Column: Angelou High football players get a workout while helping community
Omar Sahagun, a 5-foot-9 senior quarterback for Los Angeles Angelou High, joined four teammates last weekend loading trucks in Carson with 25-pound boxes filled with pre-packaged food. There were 600 boxes and he estimates he moved about 100 of them so they could be distributed to community members.
“It was doing a good deed, and getting a workout was a bonus,” he said.
While his arms were a little sore at the end of the day, it was the best of times — getting the chance to condition for football while helping feed members of his community.
Across the Southland, high school coaches have been trying for months to keep their players connected through virtual meetings while also thinking outside the box to deal with obstacles created by the COVID-19 pandemic. The start of the high school sports season has been delayed until January at the earliest.
“It’s difficult,” Angelou coach Gary Parks said. “Kids are frustrated, but they understand the importance of getting through this time.”
Parks has a foundation that’s distributing 1,300 boxes of food on Saturdays through Dec. 26, and his players take turns helping move the packages. Sahagun is hanging out with his linemen while wearing masks.
“We get to know each other,” he said.
Sahagun continues to train at his South Los Angeles residence, where he lives with his mother, father and two younger siblings. He’s distance learning and also working part time in his grandparents’ landscaping business. He remains focused on being ready if a football season happens in 2021.
“I’m just blessed with what I have,” he said. “I have a roof over my head. Just looking for better days ahead. I do what I can to keep myself fresh and my IQ up. As soon as we get the green light, full speed ahead.”
Sahagun is in his ninth month without being in a classroom and without getting to play football.
“I remember when it first started, they said it was going to be for two weeks,” he said. “Whatever we can do to pass the time and make the most of it, that’s what I plan to do.”
His father, a former high school baseball player, has become his No. 1 receiver when throwing a football.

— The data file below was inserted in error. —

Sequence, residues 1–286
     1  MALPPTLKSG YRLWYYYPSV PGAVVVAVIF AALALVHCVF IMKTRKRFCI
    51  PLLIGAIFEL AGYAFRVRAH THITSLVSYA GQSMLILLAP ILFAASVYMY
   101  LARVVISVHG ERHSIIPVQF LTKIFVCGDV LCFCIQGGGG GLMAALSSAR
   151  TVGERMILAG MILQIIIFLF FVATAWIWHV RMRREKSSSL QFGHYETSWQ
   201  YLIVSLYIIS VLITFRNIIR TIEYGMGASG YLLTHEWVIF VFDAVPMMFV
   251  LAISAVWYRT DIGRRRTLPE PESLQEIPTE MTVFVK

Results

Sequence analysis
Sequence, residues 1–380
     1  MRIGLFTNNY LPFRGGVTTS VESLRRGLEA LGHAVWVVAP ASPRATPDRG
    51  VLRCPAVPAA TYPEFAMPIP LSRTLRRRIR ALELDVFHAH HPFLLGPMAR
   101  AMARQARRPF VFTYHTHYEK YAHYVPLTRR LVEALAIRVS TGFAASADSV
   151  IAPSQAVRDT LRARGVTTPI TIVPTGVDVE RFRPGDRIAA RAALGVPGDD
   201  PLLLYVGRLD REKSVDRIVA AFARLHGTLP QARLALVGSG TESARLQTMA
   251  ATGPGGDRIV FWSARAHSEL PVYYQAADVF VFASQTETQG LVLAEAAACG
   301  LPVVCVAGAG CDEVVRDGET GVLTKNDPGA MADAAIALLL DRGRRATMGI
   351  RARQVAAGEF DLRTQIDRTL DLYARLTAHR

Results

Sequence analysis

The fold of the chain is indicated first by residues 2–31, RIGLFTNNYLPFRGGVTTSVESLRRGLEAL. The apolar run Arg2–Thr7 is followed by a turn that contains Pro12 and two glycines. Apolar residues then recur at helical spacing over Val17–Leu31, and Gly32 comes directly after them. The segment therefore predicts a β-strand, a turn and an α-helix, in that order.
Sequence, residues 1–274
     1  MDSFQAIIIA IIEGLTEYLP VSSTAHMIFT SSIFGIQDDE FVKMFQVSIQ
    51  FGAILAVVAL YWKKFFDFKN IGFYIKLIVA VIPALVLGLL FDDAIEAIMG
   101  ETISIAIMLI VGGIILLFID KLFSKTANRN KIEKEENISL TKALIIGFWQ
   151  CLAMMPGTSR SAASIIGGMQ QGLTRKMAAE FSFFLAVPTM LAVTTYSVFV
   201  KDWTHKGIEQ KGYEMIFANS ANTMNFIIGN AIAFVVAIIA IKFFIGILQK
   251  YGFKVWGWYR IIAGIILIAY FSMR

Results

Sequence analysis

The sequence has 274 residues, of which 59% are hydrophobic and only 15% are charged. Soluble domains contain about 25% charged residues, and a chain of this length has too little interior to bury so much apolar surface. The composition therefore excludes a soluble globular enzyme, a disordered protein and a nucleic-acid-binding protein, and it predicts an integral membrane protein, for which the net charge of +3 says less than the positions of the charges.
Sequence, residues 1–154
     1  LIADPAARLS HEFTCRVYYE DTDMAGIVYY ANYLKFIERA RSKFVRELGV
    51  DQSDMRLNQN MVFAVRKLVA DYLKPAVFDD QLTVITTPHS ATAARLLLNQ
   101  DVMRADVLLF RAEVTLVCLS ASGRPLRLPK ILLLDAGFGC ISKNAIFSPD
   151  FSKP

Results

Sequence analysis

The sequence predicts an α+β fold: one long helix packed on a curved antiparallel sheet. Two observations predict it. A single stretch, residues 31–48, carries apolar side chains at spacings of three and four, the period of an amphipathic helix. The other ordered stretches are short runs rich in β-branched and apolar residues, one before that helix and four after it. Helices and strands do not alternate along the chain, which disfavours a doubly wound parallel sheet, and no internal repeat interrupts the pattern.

Parks has videoconferences with his 17 players twice a week.
“Our kids are focusing on academics, and it’s awesome,” he said. “They challenge each other, and it’s amazing to watch.”
Another coach intervening to make sure his players stay focused is Bucky Brooks of Granada Hills. Three times a week for months, he has been helping his players with 6:45 a.m. video workouts. Another videoconference is reserved for teaching leadership and having guests offer advice.
He said the pandemic has forced families and individuals to deal with food, financial and emotional struggles. He has tried to create a familiar routine that his players can rely on.
“It was important to maintain a routine, whether we knew we were coming back or not,” he said. “By going in the morning, there were no excuses for not going to class. Keep them engaged. Our kids have been steady and resilient. We try not to talk too much about a start date. We try to keep them off the emotional roller coaster. When we find out we can go, we can go.”
Brooks has close to 45 players participating in workouts. He’s talked to other coaches and offered support while also seeking feedback on ideas how to keep moving forward.
“You have no idea what others are doing,” he said. “It’s unprecedented.”
Brooks said he believes when football returns, his players will be better prepared because of the adversity they’ve experienced.
“I think we’re better connected as a team than in the past and hopefully when we get together, the results will be positive,” he said.
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